Charting the Stimulant Overdose Crisis & the Influence of Fentanyl
Published on: November 17, 2022.
68% of stimulant deaths
involve an opioid.
These interactive graphics allow readers to explore data trends related to the rapid rise in overdose deaths involving stimulants. This category of drugs comprises prescription stimulants, such as those used to treat ADHD and depression, as well as cocaine, methamphetamine, and ecstasy.
The data sources and methods can be found at the bottom of the page.
Although final death statistics are currently available from the Centers for Disease Control and Prevention (CDC) only through 2020, provisional data also compiled by the CDC show deaths involving cocaine and psychostimulants (primarily methamphetamine) continued during the pandemic. The rise is particularly notable for deaths involving psychostimulants (meth), which has surpassed deaths involving cocaine. Factors related to the pandemic, such as stress, social isolation, and using these substances alone, likely contributed to the increase in overdose deaths.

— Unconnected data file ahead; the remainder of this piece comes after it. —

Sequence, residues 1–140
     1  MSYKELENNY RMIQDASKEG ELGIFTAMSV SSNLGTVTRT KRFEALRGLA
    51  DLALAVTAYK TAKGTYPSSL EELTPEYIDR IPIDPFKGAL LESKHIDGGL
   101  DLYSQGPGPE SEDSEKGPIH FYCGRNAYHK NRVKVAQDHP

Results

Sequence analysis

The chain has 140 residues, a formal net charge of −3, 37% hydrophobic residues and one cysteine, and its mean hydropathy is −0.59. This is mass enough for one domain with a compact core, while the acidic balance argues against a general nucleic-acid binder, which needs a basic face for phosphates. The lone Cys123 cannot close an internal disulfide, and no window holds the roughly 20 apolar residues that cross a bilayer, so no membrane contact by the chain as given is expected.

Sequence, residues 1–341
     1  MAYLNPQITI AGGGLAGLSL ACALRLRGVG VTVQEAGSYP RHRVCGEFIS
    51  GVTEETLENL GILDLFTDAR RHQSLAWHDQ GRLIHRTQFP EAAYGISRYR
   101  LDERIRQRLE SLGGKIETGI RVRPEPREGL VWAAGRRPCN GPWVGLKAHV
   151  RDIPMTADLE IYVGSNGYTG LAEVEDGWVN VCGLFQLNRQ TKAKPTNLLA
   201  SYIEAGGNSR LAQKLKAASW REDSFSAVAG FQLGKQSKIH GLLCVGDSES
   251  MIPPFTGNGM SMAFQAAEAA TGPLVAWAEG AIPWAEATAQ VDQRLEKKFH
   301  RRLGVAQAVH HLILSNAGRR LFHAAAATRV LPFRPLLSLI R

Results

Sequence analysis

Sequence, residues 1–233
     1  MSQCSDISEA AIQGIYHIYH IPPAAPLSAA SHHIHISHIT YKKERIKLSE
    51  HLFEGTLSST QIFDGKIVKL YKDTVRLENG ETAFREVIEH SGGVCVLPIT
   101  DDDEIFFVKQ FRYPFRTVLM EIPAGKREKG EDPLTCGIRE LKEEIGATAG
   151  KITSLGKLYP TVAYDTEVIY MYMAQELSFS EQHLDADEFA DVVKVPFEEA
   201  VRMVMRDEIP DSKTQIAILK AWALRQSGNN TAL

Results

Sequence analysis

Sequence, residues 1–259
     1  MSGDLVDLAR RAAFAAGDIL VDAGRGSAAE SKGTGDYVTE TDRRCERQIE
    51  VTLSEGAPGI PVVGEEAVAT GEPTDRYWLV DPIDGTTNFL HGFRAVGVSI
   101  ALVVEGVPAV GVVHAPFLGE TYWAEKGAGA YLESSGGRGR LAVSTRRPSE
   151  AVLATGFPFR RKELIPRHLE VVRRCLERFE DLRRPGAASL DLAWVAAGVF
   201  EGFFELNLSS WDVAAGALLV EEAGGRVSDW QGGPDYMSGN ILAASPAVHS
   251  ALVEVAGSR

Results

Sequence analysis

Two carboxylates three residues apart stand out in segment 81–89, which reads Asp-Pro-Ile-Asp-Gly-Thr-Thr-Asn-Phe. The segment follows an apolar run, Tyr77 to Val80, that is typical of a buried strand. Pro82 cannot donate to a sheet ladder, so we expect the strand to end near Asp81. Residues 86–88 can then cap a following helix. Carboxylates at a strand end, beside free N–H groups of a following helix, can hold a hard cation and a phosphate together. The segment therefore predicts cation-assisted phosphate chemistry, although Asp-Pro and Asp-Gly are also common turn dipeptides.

Much attention in the US has been focused on the opioid crisis and rising rates of overdose deaths, driven by the influx of synthetic fentanyl.
In recent years, and somewhat overshadowed by the national focus on the opioid crisis, deaths involving stimulants also rose. Between 2013 and 2020, deaths involving cocaine nearly quadrupled (from 4,939 to 19,429) and deaths involving psychostimulants (primarily methamphetamine) more than sextupled (from 3,616 to 23,776). In 2020, stimulants were involved in 40,568 overdose deaths (a single death may involve multiple substances, including not only stimulants but also opioids and other drugs). Cocaine and psychostimulants (meth) are each involved in more deaths than either prescription opioids or heroin.